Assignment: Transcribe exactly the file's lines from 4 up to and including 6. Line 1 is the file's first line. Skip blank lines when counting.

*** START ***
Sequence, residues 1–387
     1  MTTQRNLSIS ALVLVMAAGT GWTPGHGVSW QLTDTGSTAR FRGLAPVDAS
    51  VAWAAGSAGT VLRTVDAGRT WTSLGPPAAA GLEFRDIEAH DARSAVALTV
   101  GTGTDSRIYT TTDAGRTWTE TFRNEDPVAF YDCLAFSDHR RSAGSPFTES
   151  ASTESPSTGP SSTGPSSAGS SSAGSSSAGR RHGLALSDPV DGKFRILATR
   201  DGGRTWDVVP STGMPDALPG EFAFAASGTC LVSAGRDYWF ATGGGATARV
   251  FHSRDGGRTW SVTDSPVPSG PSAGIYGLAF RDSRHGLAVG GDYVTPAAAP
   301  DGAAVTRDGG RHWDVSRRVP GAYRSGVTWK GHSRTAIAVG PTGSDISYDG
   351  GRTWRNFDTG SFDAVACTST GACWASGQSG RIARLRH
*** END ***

   101  GTGTDSRIYT TTDAGRTWTE TFRNEDPVAF YDCLAFSDHR RSAGSPFTES
   151  ASTESPSTGP SSTGPSSAGS SSAGSSSAGR RHGLALSDPV DGKFRILATR
   201  DGGRTWDVVP STGMPDALPG EFAFAASGTC LVSAGRDYWF ATGGGATARV